Ain't no such thing as first class and second class seats. A seat is a seat, no matter how it was won. And of course the guy who gets into parliament via a list represents  their constituency just as much as the guy who won the direct mandate. Nothing stops them from having an office there. Actually, my daily commute used include a walk past the bürgerbüro of a member of the Brandenburg landtag. She was of the FDP (still is, but hasn't been a MP since the 2014 elections) , so there is no way she could actually have won the constituency. 


  8. Most people probably don't care who their MP is, especially in regional elections. I couldn't tell you who is mine. The strength of the parties in parliament is determined by the second vote, so who cares about the first. Yes, there are all those quirks that lead to extra seats, but how many understand those? Besides, it isn't really a two party race anymore for the direct mandates. In some cases the winner had less than 25 percent of the votes. And the Greens actually won some mandates. 

    Biggest change from 2014 is probably how the Linke got thrashed. Looks like the days when they could claim to be the party of the East are over. Big losses also for the CDU. That's remarkable as far as Brandenburg is concerned as they were in the opposition. Looks like being in government at the federal level hurt them. 

    Some interesting local results, too. Klara Geywitz, who is  running for the party chair along Olaf Scholz, lost her seat to a Green candidate. And no list mandates for the SPD in Brandenburg. Prime minister Woidke won his constituency, but the AfD got more second votes than the SPD.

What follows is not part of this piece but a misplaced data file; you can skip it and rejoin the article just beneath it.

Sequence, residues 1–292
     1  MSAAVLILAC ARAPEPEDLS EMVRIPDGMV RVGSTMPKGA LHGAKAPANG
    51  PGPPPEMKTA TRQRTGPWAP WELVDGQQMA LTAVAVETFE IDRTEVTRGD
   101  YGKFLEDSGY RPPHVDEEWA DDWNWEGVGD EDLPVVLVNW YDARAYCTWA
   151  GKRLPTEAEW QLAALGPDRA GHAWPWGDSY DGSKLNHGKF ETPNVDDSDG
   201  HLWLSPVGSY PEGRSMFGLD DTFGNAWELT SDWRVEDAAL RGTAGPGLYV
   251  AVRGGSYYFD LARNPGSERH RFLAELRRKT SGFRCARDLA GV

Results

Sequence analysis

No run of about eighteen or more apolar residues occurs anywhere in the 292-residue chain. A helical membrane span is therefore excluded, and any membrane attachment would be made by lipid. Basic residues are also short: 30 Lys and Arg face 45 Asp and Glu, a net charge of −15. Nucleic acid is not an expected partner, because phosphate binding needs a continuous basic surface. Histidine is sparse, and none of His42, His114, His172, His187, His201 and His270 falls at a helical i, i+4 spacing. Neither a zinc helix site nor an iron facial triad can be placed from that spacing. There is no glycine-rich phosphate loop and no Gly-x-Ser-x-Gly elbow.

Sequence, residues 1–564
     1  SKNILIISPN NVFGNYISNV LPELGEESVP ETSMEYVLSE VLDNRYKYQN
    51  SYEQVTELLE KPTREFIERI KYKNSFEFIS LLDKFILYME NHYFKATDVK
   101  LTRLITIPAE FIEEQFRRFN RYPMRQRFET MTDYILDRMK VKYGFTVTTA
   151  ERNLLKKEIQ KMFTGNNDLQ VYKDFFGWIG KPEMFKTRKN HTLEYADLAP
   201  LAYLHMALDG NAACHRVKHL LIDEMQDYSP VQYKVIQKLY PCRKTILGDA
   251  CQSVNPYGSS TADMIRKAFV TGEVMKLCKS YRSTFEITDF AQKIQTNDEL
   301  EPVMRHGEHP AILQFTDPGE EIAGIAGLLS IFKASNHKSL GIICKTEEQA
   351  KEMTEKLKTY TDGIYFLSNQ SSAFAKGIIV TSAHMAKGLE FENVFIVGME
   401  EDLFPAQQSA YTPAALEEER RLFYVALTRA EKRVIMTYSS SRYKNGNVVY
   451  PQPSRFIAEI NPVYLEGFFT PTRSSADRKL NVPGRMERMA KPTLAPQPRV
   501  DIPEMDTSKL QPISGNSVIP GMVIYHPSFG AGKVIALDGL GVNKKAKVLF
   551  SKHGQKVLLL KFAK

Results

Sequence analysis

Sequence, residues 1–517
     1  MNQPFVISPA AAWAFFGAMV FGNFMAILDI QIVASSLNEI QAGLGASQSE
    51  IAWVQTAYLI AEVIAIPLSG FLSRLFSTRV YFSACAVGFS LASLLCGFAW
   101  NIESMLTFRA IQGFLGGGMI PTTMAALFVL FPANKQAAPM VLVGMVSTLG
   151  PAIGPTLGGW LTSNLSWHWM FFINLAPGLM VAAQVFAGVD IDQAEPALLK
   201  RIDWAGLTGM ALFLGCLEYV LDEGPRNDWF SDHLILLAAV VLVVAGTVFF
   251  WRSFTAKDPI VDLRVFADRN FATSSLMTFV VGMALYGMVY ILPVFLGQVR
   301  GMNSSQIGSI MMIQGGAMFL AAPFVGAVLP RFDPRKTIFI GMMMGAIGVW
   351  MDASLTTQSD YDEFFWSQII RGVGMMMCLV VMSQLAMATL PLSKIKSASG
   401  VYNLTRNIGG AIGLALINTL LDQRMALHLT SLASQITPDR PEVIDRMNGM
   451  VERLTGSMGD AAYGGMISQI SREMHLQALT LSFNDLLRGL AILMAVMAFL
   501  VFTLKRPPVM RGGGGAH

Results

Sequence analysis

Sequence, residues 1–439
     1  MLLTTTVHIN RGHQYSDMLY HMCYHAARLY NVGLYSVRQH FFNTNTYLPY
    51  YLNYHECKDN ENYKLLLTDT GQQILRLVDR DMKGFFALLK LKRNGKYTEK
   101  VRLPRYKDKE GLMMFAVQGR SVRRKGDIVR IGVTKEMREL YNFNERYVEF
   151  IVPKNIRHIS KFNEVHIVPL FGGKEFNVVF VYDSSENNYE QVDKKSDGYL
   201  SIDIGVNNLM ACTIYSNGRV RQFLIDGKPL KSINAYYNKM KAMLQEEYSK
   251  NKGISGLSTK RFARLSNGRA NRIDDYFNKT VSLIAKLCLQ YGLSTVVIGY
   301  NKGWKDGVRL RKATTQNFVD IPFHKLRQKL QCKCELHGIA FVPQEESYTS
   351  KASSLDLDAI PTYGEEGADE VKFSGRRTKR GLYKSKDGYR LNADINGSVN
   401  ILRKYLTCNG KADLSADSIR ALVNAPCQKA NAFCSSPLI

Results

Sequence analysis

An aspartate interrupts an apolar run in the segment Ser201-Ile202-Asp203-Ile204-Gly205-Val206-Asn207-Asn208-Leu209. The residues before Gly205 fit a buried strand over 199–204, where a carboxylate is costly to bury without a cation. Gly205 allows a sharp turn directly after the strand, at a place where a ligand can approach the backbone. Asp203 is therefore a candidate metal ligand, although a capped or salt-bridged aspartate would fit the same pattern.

9. On 8/27/2019 at 9:14 AM, red snow said:

    For the sake of discussion and being argumentative surely WOT is the equivalent of GOT in terms of how "well known" they were before GOT was adapted to TV? It has the benefit of being completed too.

    WoT is about as complete as ASOIAF is. James Rigney died with the series half finished. Brandon Sanderson was then hired to finish the series, and he did, sort of. Problem is that his WoT ending is about as convincing as the last four seasons of GoT. 

  10. 2 hours ago, Werthead said:

    Caught the final race of W Series. Some pretty good racing there and a good British victory for first championship winner Jamie Chadwick, with Alice Powell also doing well (winning the race to snatch #3 in the championship).

    The race did confirm that Brands Hatch is in no fit state to host an F1 race though. Coulthard drove a 2011 Red Bull F1 around the circuit as a demo and it would have been challenging with the narrow body cars. With today's ones, no chance, and the pits are barely fit for handling the F3 cars of W series.

    Well, the main event of the weekend was the DTM races. DTM cars are a bit heavier and less powerful than Formula 1 cars, so outdated former Formula 1 tracks like Brands Hatch and Zandvoort are just right. Coulthart used to compete there after his F1 career, BTW. So did Jean Alesi, Mika Häkkinen and Ralf Schumacher. Currently, there are two former F1 drivers, namely Timo Glock and Paul di Resta. Interestingly, no former F1 driver has ever won the series. di Resta won it before going F1, but hasn't after his return. Gary Paffett won in 2018, but he only was a test driver in F1.